I too live in the RDU area but Im not so sure I trust google enough to use them as my ISP. Remember these are the people that make no qualms about reading your emails. Why do we get pissed off when the NSA does it but not google (other than you have a choice of using google and the NSA are a government backed organization of course)? Ive personally divested myself of all google products, youtube, gmail, their search engine (use duckduckgo now), and dont even have an android phone! Because of their policies on my privacy... Imagine what they'll do when they can monitor ALL of your internet traffic not just what you say on youtube or in your gmail? The irony is google's motto is "dont be evil" and thats exactly what they are!

Maybe google fiber coming here will force twc (or comcast who ever they are going to be called after the acquisition is complete) to upgrade their speeds to docsis 3.0 24x8 bonding modes which deliver a gig download speed too.

https://en.wikipedia.org/wiki/DOCSIS#Speed_tables

Yet another reason to love capitalism lol! Competition.


Please, please, please
By Selden on 2/19/2014 5:17:06 PM , Rating: 2
I would love to get out from under Comcast's thumb. I live in the Atlanta area, where there are a lot of over the air broadcast choices. I recently installed an antenna in our attic, and canceled Comcast CATV service, since over the air delivers far better picture quality.

Comcast's "premium" high speed internet service delivers ~30 Mb/sec down, when it works, but often it drops to a far lower speed (at one point yesterday, I was seeing 100 Kb/sec download). Atlanta is a major data hub, with lots of fiber, so I would welcome the opportunity to switch to Google as my ISP. I really don't care about the cost — the opportunity to dump Comcast would be priceless.




By ignatius pugnax on 2/19/2014 6:33:18 PM , Rating: 2
It would drive me nuts if those hipsters across the river can get it an i cant.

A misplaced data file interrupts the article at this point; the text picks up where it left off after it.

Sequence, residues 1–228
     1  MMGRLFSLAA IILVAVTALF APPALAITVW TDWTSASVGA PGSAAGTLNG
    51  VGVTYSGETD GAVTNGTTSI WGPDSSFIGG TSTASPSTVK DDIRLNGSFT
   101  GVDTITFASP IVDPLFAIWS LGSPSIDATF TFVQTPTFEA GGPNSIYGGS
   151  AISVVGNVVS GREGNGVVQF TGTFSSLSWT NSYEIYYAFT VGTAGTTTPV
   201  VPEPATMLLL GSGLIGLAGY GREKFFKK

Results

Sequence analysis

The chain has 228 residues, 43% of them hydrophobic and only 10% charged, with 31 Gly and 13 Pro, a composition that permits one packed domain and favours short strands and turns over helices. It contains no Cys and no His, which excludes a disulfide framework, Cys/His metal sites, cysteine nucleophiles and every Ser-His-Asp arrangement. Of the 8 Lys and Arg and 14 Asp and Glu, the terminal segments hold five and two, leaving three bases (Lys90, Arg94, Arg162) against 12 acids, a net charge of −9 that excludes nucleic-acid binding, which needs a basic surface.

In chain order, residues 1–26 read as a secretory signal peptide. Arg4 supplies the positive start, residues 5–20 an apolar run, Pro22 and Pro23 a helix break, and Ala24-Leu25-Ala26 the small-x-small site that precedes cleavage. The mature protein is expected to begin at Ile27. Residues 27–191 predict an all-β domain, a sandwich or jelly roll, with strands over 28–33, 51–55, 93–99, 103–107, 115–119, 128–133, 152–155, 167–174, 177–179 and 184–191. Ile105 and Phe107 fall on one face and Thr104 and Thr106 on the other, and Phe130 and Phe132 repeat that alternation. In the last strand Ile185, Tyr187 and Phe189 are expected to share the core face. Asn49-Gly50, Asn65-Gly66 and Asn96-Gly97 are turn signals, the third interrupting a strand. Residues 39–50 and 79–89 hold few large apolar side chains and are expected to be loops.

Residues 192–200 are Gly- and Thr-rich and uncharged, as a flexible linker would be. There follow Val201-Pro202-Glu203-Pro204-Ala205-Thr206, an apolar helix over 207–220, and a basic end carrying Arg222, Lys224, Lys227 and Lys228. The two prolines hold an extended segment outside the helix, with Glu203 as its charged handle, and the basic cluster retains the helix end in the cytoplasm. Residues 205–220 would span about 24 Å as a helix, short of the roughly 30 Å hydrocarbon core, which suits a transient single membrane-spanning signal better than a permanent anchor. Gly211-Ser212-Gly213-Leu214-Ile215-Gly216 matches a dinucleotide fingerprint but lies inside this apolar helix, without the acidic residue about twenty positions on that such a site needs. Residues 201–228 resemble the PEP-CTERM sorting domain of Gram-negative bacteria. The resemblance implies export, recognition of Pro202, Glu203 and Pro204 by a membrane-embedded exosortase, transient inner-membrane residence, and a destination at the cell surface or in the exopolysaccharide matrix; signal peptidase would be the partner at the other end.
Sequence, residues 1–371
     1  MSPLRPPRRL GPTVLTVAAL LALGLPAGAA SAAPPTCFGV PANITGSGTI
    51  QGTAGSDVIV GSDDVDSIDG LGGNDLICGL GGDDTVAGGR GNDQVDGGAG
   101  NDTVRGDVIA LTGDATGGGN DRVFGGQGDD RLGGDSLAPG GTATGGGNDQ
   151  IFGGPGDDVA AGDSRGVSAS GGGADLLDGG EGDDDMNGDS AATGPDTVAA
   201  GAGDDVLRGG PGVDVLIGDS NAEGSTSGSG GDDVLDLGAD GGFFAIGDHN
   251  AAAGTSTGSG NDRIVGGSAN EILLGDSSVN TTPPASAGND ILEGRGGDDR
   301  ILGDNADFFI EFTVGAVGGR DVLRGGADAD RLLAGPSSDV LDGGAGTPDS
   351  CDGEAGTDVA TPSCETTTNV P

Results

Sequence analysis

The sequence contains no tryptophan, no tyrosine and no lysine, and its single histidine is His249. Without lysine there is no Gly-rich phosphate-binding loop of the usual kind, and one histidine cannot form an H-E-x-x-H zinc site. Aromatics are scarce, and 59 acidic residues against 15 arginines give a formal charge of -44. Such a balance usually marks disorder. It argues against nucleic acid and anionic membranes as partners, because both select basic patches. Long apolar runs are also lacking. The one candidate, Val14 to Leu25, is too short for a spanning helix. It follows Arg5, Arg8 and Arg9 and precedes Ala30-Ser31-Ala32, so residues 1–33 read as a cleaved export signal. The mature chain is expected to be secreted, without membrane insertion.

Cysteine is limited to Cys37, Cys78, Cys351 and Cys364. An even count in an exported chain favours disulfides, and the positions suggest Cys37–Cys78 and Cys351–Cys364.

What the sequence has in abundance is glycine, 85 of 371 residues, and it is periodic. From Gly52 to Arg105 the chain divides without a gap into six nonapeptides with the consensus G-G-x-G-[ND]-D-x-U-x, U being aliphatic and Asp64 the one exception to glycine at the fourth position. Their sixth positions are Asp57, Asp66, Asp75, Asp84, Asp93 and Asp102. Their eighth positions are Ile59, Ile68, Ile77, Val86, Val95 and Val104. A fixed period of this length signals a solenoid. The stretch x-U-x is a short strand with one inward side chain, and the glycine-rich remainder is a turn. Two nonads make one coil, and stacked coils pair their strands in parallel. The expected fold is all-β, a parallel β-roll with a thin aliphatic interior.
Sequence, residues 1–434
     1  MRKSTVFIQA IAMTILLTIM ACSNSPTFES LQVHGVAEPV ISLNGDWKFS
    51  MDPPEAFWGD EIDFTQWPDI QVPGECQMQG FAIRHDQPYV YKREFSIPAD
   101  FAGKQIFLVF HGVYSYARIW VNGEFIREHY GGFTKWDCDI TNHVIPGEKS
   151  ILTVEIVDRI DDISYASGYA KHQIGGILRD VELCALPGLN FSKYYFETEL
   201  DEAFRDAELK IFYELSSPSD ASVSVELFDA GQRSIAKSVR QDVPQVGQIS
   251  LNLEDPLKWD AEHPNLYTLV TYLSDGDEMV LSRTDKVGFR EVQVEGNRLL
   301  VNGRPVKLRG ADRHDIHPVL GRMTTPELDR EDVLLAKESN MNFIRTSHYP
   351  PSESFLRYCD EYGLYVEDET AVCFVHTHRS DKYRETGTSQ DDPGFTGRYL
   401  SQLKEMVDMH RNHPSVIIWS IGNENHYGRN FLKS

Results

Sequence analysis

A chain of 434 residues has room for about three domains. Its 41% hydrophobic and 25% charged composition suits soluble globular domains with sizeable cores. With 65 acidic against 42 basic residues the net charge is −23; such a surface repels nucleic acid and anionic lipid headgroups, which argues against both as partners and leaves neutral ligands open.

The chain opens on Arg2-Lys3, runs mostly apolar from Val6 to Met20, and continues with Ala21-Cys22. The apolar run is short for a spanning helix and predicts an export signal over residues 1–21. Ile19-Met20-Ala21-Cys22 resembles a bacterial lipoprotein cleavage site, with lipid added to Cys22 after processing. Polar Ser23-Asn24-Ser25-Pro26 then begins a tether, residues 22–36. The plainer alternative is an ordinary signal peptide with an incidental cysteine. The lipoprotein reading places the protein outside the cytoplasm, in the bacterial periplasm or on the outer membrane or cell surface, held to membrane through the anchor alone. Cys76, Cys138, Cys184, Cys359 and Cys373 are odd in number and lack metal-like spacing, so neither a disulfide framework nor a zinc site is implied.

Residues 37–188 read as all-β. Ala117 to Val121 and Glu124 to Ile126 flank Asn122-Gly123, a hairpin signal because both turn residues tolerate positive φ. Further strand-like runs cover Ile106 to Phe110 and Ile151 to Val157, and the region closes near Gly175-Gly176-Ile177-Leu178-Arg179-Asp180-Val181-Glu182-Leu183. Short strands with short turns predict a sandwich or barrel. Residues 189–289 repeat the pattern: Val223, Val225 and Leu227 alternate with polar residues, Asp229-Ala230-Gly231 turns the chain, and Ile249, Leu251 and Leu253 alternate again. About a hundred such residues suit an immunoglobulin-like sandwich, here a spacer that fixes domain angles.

By someguy743 on 2/19/2014 8:29:49 PM , Rating: 2
Yay. My city is on the list. Believe me, the customer service is absolutely TERRIBLE with Time Warner Cable. Most of the people at Time Warner flat out don't know what they're doing or they just lie to customers about things like prices, appointment times, how to fix things, etc.

It can be a nightmare to have to deal with them. They flat out don't do what they SAY they are going to do half the time. Certainly not WHEN they say they're going to do it. You can't really believe what they say and you have to verify everything by calling up at least twice to make sure.

I bet the real world internet speeds and the quality of the HD programming will be great if Google is running it. The cable companies have been needing serious competition for YEARS. The cable companies have had the fastest internet speeds though so I HAVE TO stay with them because the landline/internet/cable TV bundled prices are better. That is, IF you actually get the price you were promised when you sign up with their promotions, etc.

If Google deploys the latest and greatest "super DVRs" from Cisco Systems that I've been hearing about it will be awesome. Can't wait to have Google re-program the user interfaces so that searching and navigating the channels and so forth is more intuitive and easy to use, etc. I'm sure Google will "make a better mousetrap" and cable customers will sign up in droves.




Good to have fast access but...
By w8gaming on 2/20/2014 3:27:31 AM , Rating: 2
While it is nice to see Google playing the role of ISP to bring super fast speed access to some cities, which is essential if cloud service needs to be successful, but how much money does Google really have in order to reach the critical mass to force access fee to be so low that everyone will no longer worry about storing and accessing data in the cloud? The world is a very big place and I doubt there is any company with that kind of money.